Facebook is eyeing the future technology that could suggest “friends” that are physically nearby. That data would be combined with other criteria such as when users likely had meetings and how long the meetings lasted.
The problem is that this is essentially guesswork on Facebook’s part that may or may not include actual acquaintances or friends – the patent describes it as “inferred meetings” between one Facebook user and a second user.
“The plurality of factors can include… proximity between the first user and the second user, a frequency of inferred meetings between the first user and the second user, a duration of each of the inferred meetings between the first user and the second user, or a pattern of occurrences of inferred meetings between the first user and the second user,” the patent reads.
The patent proposes using, for example, a device’s gyroscope and accelerometer to analyze a user’s movement to see if two people are moving in the same pattern.
While suggestions could include something as innocent as two people jogging together, the creepiness comes into play when, for example, you have close contact with someone on a daily bus commute and the weirdo sitting across from you pops up in your suggested friends’ list.
Facebook asserts that this is only a patent that won’t necessarily be implemented.
“We’ve often sought patents for technology we never implement, and patents should not be taken as an indication of future plans,” a Facebook spokesperson told Fox News.
Past Facebook practices
Facebook has filed patents in the past that try to analyze almost every aspect of a user’s life, including where you are, whether you’re surprised or bored, how much sleep you get, your political leanings and if you’re in a romantic relationship.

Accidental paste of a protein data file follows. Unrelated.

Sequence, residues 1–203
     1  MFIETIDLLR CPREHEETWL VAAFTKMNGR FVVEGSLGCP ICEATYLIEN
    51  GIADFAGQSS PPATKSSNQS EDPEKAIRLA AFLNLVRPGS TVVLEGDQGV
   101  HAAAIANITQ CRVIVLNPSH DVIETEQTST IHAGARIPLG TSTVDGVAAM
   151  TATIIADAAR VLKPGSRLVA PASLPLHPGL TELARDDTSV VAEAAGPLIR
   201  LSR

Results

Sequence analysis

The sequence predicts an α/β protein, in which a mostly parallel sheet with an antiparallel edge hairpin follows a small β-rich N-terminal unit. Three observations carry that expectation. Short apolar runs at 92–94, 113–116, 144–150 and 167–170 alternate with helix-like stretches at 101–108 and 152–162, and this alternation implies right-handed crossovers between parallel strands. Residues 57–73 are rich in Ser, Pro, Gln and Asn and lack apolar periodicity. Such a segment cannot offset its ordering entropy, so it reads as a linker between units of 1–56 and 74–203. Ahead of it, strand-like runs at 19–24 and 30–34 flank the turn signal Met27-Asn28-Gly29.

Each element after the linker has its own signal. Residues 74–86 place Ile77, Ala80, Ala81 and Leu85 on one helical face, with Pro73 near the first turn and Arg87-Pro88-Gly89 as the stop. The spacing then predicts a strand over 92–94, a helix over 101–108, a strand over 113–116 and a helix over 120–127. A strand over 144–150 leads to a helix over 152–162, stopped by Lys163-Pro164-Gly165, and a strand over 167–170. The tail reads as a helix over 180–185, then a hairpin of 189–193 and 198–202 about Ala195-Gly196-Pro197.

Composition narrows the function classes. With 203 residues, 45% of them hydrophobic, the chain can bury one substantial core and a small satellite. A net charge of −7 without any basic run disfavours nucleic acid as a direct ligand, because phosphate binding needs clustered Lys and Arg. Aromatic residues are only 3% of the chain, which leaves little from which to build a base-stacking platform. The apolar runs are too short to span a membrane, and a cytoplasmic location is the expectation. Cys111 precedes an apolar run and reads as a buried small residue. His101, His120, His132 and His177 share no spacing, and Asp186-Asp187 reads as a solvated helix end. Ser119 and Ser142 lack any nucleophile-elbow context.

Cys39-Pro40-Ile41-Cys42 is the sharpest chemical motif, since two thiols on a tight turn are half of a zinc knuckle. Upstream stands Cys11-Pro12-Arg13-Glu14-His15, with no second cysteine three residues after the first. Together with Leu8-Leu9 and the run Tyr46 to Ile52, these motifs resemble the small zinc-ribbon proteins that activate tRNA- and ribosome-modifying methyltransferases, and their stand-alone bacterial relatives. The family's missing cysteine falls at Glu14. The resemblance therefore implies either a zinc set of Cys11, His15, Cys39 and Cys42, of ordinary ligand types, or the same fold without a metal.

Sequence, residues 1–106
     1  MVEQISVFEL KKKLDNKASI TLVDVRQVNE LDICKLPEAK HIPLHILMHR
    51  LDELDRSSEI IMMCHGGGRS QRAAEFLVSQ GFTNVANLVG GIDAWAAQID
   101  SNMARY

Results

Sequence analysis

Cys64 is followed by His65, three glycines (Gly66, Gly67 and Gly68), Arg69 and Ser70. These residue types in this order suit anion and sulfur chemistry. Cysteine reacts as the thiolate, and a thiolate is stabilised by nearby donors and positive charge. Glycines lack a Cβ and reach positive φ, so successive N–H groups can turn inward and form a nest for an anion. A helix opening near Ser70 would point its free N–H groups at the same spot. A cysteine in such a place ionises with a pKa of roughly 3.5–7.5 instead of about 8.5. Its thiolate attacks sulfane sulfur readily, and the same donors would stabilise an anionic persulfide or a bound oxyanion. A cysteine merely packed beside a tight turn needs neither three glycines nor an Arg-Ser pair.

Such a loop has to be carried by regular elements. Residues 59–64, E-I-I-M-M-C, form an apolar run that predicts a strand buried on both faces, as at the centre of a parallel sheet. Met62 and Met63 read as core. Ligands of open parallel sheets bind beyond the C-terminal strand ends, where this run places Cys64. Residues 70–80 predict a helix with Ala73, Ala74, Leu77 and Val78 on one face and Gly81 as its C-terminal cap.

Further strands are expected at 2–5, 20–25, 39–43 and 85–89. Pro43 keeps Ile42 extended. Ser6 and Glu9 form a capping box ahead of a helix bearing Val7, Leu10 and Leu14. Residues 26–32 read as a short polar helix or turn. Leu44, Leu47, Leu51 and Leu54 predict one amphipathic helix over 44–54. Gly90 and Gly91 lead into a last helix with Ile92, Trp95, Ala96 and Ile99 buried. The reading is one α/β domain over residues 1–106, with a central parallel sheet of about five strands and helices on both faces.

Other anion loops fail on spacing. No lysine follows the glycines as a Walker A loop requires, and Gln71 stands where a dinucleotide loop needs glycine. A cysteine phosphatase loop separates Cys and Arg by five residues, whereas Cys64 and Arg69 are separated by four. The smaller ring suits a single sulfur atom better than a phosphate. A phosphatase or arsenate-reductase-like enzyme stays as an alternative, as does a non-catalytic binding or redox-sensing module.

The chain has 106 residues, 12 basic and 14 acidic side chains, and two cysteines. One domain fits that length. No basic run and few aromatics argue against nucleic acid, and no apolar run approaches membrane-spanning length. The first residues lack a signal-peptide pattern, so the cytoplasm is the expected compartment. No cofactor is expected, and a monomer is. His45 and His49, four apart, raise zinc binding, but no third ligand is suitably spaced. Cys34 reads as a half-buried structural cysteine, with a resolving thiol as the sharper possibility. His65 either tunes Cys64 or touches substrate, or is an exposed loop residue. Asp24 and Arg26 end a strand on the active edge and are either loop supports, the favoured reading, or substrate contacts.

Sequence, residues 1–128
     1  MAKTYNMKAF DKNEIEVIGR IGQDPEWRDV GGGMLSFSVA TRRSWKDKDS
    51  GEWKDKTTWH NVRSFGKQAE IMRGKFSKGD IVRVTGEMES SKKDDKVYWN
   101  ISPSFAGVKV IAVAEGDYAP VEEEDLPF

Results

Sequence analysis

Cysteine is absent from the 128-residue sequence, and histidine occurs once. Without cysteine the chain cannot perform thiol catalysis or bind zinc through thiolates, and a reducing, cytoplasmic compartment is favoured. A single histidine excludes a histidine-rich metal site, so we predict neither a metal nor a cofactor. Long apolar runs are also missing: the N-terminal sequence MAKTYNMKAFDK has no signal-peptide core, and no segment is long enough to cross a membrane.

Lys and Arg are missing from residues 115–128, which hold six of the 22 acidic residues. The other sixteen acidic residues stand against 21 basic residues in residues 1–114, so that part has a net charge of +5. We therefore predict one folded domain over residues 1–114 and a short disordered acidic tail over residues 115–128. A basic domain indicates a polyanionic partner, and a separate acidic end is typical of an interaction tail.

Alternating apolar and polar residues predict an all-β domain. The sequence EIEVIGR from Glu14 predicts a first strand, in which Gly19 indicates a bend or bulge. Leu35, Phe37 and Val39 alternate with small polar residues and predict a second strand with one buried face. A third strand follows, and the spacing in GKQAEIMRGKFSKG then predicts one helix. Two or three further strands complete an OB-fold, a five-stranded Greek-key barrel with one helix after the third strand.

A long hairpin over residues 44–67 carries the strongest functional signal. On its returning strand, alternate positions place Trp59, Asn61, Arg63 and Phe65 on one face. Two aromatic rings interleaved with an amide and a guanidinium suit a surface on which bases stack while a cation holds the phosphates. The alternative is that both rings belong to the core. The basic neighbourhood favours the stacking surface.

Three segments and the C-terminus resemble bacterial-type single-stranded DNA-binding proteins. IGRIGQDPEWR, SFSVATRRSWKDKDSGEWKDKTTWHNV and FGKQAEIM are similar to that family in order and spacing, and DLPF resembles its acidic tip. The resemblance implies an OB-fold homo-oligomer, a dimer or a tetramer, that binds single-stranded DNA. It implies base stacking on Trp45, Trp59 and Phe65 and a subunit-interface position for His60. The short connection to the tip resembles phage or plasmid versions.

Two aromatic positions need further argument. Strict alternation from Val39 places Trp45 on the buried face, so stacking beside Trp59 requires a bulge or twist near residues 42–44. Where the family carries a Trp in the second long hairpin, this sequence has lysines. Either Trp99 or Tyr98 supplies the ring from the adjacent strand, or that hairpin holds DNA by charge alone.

The patent is in line with Facebook’s penchant historically to grab more and more personal data. In one context, it could be viewed as an extension of the People You May Know feature, which can be both eerily accurate and creepily inexact at making Friends suggestions.
To address the latter, Facebook has a disclaimer under a description of People You May Know. “Sometimes we might get it wrong and recommend someone who you don’t know or don’t want to add as a friend,” the disclaimer says.
People You May Know has been one of Facebook’s most important features for building out its social network, which has more than 2 billion monthly active users.
While some Facebook users like it, “other Facebook users hated the feature,” Gizmodo wrote in a post about the feature.
“They asked how to turn it off. They downloaded a ‘FB Purity’ browser extension to hide it from their view. Some users complained about it to the U.S. federal agency tasked with protecting American consumers, saying it constantly showed them people they didn’t want to friend,” Gizmodo wrote.